First pickups and steel strings

Discussion in 'Setup & Repair [DB]' started by agoya, Nov 19, 2018.

  1. agoya


    Aug 30, 2012
    Hi all,
    i am looking for informations about,
    1. the first pickup and amplifying systems for double bass

    1. and the transition from gut to steel strings..

    what did the people say about this new things.
    who said it is cool and who was against..
    and so on....

  2. Steven Ayres

    Steven Ayres Supporting Member

    Mar 11, 2007
    Northern Arizona
    Kay offered the original Ampeg as a factory option as soon as it became available in '47, and we find them on about 1% of surviving basses. Two lo-z pickup elements with onboard mixing and jack point on an adjustable endpin. People are often mystified to find one in a bass they've just bought. Sometimes they still work.

    Kay factory installed Ampeg pick up

    The DeArmond surface-mount pickup was also popular from as early as '50 into the late '60s, and it's not unusual to find one or leftover parts on older basses. The instruments in the DeArmond ad and brochure are by Kay.

    Attached Files:

    Last edited: Nov 22, 2018
    Steve Boisen, dhergert and bassfran like this.
  3. Steve Boisen

    Steve Boisen Your first second choice™ Supporting Member

    Dec 3, 2003
    Tampa Bay, FL
    My understanding is that steel strings first became available in the 1920's but weren't commonly used until the 1950's and first by orchestral players. The Boston Philharmonic is supposedly one the first bass sections to switch to steel strings and according to Orin O'Brien the NY Philharmonic switched in the 1960's. Most jazz bassists seemed to make the switch from gut to steel during the 1960's and nearly every jazz bassist I can think of whose career lasted long enough did so.

    Here's an excerpt from Raymond Elgar's "Introduction To The Double Bass" published in 1960:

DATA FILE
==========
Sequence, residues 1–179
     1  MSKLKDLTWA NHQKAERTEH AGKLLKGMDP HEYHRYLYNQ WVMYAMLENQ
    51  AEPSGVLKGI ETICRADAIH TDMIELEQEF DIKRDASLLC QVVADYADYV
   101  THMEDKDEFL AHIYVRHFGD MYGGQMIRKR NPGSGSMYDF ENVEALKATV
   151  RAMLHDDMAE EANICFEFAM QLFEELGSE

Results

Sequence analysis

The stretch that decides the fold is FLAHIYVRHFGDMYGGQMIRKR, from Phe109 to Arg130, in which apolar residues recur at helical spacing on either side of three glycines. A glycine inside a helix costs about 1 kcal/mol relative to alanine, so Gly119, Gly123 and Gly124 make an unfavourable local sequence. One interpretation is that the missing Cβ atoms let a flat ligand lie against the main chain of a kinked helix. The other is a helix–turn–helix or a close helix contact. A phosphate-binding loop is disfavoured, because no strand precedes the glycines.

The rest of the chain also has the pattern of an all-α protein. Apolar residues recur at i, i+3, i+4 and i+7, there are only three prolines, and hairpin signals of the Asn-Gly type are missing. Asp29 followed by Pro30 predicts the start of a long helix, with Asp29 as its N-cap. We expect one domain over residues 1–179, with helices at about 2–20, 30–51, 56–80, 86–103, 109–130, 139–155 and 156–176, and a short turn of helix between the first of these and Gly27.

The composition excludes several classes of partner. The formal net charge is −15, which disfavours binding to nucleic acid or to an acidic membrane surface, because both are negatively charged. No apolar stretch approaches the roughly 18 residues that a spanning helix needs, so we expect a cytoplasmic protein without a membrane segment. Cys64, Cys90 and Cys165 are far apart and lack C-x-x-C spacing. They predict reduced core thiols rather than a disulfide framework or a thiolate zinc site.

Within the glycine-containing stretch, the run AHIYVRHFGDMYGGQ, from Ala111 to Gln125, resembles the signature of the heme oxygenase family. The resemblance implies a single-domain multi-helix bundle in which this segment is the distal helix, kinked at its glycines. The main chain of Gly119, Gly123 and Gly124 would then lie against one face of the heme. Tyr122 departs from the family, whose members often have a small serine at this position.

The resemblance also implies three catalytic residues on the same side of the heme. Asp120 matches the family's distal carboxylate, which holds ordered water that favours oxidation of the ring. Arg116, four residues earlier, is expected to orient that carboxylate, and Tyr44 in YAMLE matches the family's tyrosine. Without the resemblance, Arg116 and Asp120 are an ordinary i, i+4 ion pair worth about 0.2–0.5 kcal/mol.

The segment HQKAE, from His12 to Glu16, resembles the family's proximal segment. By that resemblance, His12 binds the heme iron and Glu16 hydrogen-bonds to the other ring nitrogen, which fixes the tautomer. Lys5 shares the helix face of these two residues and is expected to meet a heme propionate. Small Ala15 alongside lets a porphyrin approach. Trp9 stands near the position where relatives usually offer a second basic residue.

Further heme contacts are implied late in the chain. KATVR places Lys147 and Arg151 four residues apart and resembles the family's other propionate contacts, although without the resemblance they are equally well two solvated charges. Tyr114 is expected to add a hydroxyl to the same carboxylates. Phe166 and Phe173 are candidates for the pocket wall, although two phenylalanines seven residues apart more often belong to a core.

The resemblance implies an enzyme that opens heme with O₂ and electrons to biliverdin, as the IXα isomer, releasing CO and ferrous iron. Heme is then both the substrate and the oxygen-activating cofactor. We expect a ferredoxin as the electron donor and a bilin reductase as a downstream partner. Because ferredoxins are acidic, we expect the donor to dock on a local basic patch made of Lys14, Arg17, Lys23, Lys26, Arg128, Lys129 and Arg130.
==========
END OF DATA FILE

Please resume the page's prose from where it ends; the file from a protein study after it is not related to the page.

"Modern trends have produced strings made from nylon and steel, but it is some players opinion that these are still second to the gut string for tonal results, the former tending to be somewhat less crisp and the latter giving a 'metallic' harder tone and being rather too rigid for many of the older instruments"

    In his book "The String (Double) Bass" published in 1965, David H. Stanton describes the typically cited advantages and disadvantages of each string type and mentions that some basses respond better to one over the other. He recommends gut strings with a wound E and A for the beginner as well as for laminated bassess or older, fragile instruments.

    Lastly, here's an excerpt from an interview with Ray Brown from 1963:

    What type of string setup do you favor? "It's according to what suits the particular instrument. On this bass, I have rope–cored steel strings. The Italian bass gives in best results with a gut G and D and a metal A and E. Lots of orchestral players use all metal strings: they're good for bowing. For pizzicato playing, the metal G and D strings tend to cut into the fingers. I prefer the gut; they have a more flexible ‘feel’."

    Of course, we know Ray eventually switched completely to steel strings.

    - Steve
    Last edited: Nov 19, 2018
    Povl Carstensen likes this.
  4. robobass


    Aug 1, 2005
    Cologne, Germany
    Private Inventor - Bass Capos
    I wonder how far back flat-wrapped gut goes? Orin told me once how much of a relief it was when steel strings came out. I told her I was doing silver on gut (Eudoxa) and found it to be excellent, and she was surprised.
    Steve Boisen likes this.
  5. Steve Boisen

    Steve Boisen Your first second choice™ Supporting Member

    Dec 3, 2003
    Tampa Bay, FL
    I'm not certain, but I think that is a fairly recent development. All of the older references to metal-wrapped gut strings mention round wire. I know that synthetic-wrapped gut strings were available in the late 1940's.

    - Steve
  6. There is one of these for sale in Minneapolis CL. Thanks for the info/link to Molly's thread.
  7. Someone gave me an old DeArmond a few years ago. I've never used it but might want to give it a try now, for historical purposes.
    Last edited: Jun 2, 2019
  8. Primary

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    Here are some related products that TB members are talking about. Clicking on a product will take you to TB’s partner, Primary, where you can find links to TB discussions about these products.

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